Bowst About React: Part 1

Apps, Front-End Frameworks, ReactJS, JavaScript

Introducing Bōwst about ReactJS

Our multi-part series on the right way to build a React app!  In this first post, we’ll talk a little about what ReactJS is and why it’s popular.  We’ll also discuss the ecosystem of bundlers, compilers, libraries, and technologies we use to supercharge our development of React-based projects.  In later posts, we’ll provide step-by-step instructions to one of the following: eternal youth, transforming lead into gold, or building an awesome web app with React (hint: you won’t need the Sorcerer’s Stone).

So what’s the big deal about ReactJS, anyway?  If you’re in the business of web development, or if you have any connection to the Javascript community, you’ve probably heard a lot about React.  Since it was open-sourced by Facebook in March 2013, it has taken the front-end community by storm and has rapidly been adopted by a number of large organizations (Netflix, Imgur, Airbnb to name a few).  However, its genesis goes back to 2011, which is when it was first deployed to power Facebook’s news feed.  

Here at Bōwst, we’ve been using React for the last year or so and we love it; we already have a number of projects in production built on this game-changing technology.  But why? Why do we love it, you ask?  Simply put: we love it because React helps us build awesome user experiences.

At Bōwst, we’ve worked with just about every front end javascript framework in the book, and have found that React represents a radical rethinking of the architecture of interactive front-end components and apps.  Previous front end technologies were generally built on the popular Model-View-Controller (MVC) pattern, which encapsulates the data (model), presentation (view), and functionality (controller) of a project into different logical structures.  While this was a vast improvement over previous attempts to provide a better foundational framework for front-end code, it could still be difficult to ensure the UI state was organized and predictable.

React takes an entirely different approach, casting itself as Library instead of a framework (such as Angular, Backbone, etc) which focuses exclusively on the UI layer.  However, this isn’t your mother’s UI layer.  We’re not talking static markup generation here, we’re talking about super dynamic, data driven, and highly interactive components.  In my opinion, this has been the key to its popularity; the UI of the modern web doesn’t simply encapsulate the way things look, it’s built on how we interact with a web page and how the page responds (or Reacts) to our actions (see what I did there?).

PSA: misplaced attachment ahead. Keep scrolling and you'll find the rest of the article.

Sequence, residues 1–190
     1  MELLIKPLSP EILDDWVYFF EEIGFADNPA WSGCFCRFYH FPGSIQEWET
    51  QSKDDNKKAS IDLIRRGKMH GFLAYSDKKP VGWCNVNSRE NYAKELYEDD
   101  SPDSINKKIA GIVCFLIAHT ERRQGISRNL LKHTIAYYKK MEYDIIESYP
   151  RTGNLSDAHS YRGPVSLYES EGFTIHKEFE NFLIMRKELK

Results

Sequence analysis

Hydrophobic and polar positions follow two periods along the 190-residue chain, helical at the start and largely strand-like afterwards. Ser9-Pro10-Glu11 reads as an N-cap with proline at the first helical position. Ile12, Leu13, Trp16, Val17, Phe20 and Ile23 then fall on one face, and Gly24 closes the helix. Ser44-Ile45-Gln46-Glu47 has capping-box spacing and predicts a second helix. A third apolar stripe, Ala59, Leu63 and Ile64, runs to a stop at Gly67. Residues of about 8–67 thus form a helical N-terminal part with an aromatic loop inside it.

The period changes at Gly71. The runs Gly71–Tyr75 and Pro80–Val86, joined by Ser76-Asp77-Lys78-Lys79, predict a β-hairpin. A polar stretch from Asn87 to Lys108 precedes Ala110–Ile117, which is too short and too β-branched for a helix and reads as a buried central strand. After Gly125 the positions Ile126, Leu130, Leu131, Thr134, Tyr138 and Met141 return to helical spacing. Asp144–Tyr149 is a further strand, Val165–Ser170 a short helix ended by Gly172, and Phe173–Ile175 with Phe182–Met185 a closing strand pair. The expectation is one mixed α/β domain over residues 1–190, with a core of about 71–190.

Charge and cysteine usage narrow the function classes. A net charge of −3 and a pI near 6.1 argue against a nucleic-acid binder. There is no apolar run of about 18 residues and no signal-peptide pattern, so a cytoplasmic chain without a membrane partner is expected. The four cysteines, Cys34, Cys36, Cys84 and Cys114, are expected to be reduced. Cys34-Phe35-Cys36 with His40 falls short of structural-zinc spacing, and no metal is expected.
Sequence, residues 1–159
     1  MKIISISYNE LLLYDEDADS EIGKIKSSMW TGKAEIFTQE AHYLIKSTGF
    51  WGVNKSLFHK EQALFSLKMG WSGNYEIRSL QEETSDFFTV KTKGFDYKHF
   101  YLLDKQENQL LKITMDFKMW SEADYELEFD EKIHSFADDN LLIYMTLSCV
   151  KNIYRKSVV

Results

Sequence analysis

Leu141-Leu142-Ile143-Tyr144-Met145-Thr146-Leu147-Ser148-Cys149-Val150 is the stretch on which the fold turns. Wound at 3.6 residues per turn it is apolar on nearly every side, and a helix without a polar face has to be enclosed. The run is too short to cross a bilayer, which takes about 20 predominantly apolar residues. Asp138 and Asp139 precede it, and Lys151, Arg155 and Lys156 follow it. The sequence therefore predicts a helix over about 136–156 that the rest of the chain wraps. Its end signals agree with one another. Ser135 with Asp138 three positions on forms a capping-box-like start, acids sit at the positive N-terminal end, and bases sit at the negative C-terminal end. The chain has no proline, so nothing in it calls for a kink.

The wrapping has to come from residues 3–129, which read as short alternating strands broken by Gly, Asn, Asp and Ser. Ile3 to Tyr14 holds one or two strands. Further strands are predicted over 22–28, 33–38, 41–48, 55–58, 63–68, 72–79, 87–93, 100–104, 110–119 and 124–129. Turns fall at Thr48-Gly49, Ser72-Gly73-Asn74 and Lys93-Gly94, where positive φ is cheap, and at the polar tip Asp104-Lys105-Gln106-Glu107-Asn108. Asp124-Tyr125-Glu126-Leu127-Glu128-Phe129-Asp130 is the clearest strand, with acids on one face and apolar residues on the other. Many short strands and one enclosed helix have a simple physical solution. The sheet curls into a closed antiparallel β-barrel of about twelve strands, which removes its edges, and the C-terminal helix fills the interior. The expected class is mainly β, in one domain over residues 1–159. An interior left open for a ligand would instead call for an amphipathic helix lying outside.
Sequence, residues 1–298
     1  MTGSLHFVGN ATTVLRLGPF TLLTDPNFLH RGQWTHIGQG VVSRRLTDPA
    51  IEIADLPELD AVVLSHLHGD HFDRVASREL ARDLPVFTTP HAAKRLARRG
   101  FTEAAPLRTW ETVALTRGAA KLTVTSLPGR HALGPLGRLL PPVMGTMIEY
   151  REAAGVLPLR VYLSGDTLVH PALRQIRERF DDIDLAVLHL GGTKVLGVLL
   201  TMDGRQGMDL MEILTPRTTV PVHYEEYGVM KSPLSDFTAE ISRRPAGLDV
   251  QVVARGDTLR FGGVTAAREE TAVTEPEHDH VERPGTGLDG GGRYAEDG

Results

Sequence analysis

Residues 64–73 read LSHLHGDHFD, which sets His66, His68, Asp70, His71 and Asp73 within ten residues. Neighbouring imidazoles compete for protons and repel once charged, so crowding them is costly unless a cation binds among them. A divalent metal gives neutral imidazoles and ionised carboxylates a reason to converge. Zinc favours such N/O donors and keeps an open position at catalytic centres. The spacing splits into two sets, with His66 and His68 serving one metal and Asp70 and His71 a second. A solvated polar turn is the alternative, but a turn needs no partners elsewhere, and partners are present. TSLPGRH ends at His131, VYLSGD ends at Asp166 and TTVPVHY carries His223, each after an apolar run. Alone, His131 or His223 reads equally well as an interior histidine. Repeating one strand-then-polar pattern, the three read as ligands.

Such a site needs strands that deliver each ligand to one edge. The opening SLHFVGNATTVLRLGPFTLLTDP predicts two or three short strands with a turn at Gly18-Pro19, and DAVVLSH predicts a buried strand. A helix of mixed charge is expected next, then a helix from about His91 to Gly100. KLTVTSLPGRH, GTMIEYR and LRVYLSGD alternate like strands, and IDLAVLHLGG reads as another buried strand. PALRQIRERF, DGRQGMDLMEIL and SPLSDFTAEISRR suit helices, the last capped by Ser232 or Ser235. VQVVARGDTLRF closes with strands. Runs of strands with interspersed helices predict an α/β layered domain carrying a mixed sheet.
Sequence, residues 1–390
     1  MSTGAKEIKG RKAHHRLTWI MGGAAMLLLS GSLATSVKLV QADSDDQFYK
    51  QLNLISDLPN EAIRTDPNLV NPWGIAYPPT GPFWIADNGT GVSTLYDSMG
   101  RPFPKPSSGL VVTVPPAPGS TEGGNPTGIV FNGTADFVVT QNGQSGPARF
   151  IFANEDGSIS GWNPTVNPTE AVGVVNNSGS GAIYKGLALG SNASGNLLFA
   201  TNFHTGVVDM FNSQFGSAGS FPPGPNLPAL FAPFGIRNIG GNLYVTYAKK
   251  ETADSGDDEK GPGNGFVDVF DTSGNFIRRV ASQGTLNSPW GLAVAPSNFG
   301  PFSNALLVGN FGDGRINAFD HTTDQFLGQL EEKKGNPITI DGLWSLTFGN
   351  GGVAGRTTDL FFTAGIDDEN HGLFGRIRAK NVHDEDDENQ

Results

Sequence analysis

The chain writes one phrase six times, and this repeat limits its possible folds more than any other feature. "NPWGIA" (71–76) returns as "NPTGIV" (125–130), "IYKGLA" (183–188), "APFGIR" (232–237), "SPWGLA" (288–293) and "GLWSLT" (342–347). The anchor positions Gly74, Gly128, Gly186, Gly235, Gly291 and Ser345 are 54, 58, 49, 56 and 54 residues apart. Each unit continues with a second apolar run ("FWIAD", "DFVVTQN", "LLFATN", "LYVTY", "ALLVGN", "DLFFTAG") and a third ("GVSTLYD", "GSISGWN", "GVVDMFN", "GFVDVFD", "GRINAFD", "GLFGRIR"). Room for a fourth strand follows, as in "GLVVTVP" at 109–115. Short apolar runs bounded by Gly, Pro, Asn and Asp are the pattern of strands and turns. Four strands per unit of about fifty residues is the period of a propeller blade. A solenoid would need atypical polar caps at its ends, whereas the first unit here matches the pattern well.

Due to this popularity, an enormous ecosystem of associated libraries has sprung up to provide solutions to common needs such as HTML5 routing (react-router), animation (react-animate), and charting (react-chartjs).  Thanks to this community interest, it’s now possible to quickly build an enterprise-grade web app built on React in conjunction with a series of stable third-party libraries.  When starting a project, choosing the right libraries for the foundation is critical.  How does one organize business logic?  What about a baseline set of styles or components?  Even decisions like code folder structure can significantly impact the long term success of a project.  

You’re probably wondering: how does one sort through all the options and actually get started building a totally awesome app with React?  Simple — we’ve done the work for you!  Welcome to Bōwst about React – we’ve poured our collective expertise and experience to developing an battle-tested approach to quickly building amazing apps built on React….and now we’re passing it on to you, dear reader.

Stay tuned next time for our step-by-step guide to setting up your build environment, coming soon to a blog near you!

(For the next post in this series, click Bowst about React Part 2.)

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